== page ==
The congestion and frenzy quickly gives way the further one gets from the border. If it’s lunch time, we often stop in the town of Imuris, about 45 minutes south of Nogales, at one of the numerous tacquerias that line the main road. And lunchtime it was with our workshop group, so what else to do than to give them a quick immersion into Sonoran culture with a serving of carne asada tacos, grilled onions and chiltepin salsa. Add to that a Coke, something not normally recommended as a part of a healthy diet, but in case, many would agree, a reasonable exception given the context.
Just a quick travel note, 15 minutes down the road from Imuris, one comes to the town of Magdalena, where just after the toll booth on the main road, there is an almost indistinguishable road that descends to the right. That is the exit for the town of Cucurpe to the east, which is the road that leads to the Rio Sonora Valley. Approximately an hour and forty five minutes later, after passing through a beautiful variation in landscapes, one arrives at the town of Sinoquipe, 10 minutes up the road from Banamichi. Take that drive someday, and if you listen to David Shirk’s talk above, who recommends that you go to Mexico, you will simply love it.
As for the course itself, it went very well. We used the dining room of La Posada for classes, the space it afforded was just enough to set up a teaching area and for meals. I could go down the list and tell you things like the food was great, the rooms comfortable, but all that is a given. The Posada does a marvelous job. And of course, as one would expect from a seasoned fine art photographer of great talent, Dan Burkholder more than held up his end of the deal. The course was excellent in every respect. I think for me, the important thing was that the town and surrounding area afforded an ample amount of photographic subjects.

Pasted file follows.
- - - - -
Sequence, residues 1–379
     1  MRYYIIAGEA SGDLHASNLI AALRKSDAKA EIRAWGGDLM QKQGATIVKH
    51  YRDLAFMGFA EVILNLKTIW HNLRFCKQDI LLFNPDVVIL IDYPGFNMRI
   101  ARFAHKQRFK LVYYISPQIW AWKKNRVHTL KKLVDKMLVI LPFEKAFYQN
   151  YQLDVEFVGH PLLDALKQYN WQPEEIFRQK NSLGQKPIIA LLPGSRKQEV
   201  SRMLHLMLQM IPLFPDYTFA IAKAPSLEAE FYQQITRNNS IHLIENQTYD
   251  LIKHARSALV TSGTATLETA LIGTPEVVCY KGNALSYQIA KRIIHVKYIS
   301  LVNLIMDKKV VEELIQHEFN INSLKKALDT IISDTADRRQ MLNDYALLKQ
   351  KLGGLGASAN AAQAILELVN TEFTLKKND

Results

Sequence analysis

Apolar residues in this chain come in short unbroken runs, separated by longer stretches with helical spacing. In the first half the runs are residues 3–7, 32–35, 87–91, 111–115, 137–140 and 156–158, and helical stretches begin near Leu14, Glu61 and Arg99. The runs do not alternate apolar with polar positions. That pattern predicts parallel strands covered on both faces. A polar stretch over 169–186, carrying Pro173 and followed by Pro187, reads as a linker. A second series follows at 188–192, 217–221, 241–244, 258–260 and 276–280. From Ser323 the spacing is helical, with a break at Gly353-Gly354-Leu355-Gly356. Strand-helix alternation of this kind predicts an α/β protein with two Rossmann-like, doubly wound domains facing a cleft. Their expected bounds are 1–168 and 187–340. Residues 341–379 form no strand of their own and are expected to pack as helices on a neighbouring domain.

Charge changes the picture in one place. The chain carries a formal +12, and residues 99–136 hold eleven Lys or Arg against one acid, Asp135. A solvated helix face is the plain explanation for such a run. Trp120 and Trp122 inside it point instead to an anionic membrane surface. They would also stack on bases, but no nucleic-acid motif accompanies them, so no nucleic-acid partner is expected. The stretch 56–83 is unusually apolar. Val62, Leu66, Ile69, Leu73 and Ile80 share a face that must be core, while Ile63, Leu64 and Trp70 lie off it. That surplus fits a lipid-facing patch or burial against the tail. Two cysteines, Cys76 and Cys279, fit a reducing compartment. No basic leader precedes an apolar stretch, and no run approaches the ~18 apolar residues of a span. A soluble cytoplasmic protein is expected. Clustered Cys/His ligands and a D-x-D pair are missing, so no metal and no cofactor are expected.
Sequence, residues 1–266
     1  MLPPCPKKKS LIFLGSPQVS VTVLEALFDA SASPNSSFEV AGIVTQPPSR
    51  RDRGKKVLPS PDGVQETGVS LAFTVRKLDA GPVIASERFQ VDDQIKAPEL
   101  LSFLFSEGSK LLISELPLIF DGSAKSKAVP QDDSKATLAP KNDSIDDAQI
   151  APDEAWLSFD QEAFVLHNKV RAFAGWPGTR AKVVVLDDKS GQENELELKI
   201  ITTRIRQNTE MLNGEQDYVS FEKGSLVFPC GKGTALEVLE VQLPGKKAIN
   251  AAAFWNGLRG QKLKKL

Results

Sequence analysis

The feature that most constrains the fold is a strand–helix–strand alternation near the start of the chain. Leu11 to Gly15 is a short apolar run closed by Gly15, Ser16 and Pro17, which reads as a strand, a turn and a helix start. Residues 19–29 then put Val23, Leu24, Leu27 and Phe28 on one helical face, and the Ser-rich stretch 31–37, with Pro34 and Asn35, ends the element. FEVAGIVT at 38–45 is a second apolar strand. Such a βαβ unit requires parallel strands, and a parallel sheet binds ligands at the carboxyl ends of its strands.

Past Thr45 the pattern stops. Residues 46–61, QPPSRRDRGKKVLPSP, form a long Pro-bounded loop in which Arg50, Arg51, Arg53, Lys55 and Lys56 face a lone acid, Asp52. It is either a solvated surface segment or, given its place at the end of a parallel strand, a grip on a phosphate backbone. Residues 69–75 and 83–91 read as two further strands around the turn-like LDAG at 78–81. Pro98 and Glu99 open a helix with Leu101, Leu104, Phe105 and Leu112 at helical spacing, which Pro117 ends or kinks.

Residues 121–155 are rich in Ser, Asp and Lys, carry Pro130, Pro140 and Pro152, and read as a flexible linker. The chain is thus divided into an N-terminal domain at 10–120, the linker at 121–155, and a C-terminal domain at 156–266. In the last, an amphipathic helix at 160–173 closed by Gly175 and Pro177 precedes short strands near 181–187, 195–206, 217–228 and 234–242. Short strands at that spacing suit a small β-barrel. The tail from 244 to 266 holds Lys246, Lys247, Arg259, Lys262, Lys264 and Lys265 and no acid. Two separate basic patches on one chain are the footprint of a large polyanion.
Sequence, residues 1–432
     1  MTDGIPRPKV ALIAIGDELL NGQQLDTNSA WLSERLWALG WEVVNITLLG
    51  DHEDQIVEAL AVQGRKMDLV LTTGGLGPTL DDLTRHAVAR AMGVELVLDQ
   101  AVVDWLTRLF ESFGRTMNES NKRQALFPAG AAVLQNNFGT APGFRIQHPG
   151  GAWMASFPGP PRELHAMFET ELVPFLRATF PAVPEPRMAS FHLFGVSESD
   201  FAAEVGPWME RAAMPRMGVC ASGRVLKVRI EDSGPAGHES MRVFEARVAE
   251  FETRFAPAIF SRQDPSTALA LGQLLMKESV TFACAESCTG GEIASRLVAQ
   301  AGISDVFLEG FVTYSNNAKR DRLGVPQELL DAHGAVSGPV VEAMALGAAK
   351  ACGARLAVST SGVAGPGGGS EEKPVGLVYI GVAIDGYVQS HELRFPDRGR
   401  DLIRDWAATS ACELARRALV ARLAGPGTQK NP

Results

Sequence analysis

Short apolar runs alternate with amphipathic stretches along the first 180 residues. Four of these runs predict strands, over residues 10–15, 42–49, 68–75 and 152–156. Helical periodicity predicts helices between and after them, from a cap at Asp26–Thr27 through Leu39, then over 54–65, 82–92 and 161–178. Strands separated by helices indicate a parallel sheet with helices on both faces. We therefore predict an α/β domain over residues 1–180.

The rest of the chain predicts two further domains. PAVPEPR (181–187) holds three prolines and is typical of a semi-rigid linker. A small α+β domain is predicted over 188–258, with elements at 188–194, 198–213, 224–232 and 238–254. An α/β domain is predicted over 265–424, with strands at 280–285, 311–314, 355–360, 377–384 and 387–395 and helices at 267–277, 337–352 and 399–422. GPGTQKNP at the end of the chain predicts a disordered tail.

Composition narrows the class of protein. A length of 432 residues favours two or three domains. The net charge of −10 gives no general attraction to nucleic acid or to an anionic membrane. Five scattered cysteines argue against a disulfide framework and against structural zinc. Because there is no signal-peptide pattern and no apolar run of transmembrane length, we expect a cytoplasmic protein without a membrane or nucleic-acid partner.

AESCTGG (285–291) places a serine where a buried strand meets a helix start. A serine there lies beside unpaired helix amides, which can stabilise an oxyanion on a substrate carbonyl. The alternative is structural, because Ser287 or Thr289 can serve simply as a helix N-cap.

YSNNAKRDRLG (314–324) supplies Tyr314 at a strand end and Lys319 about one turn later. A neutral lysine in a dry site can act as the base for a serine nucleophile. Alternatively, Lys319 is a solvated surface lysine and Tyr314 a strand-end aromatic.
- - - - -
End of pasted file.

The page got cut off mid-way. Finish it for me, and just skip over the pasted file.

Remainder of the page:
To be honest with you, there was one thing of which I was a little unsure. I had no idea of what to expect dropping approximately 15 people with iPhone cameras into the middle of the Baviacora town fiesta on the second day of the course. The fiesta there is one of my personal favorites and I’ve had nothing but the most positive experiences there in the past.
What happened that day clearly exceeded my expectations. It couldn’t have been much better had the locals arranged a welcoming party and reception for their American guests. We timed our arrival to coincide with that of a group of about 500 horseback riders coming into town after a morning’s long ride from further down in the Valley. These events, that of gathering a large group of riders together in conjunction with some event or festival are called “cabalgatas” and have become very popular in recent years.
The Sonoran people, as I suppose is true of many people around the world, love to have their photos taken, especially when sitting on their prized horses, adorned with their finest hats and of course, and even more so after several cans of Tecate beer or sips from their flasks of local mescal Bacanora. Everywhere I looked, our participants were immersed in Sonoran hospitality and could be seen taking photos amidst a sea of white cowboy hats, sitting up on the horses of newly found friends, sharing beer and Bacanora with the locals or feasting on tacos, huaraches or fiesta foods of many sorts.
I personally want to thank the Maldonado family who reside in various small towns around the Baviacora area. Primarily Chay and Armida Maldonado of La Estancia and their son Mauro who took Athena and I to their family’s cattle roundup last fall and where we met many other members of the family. I’m mentioning this because everywhere I seemed to turn at the fiesta, there was someone from the family welcoming us, which when mingling in crowds where one knows few others, is a great feeling of comfort.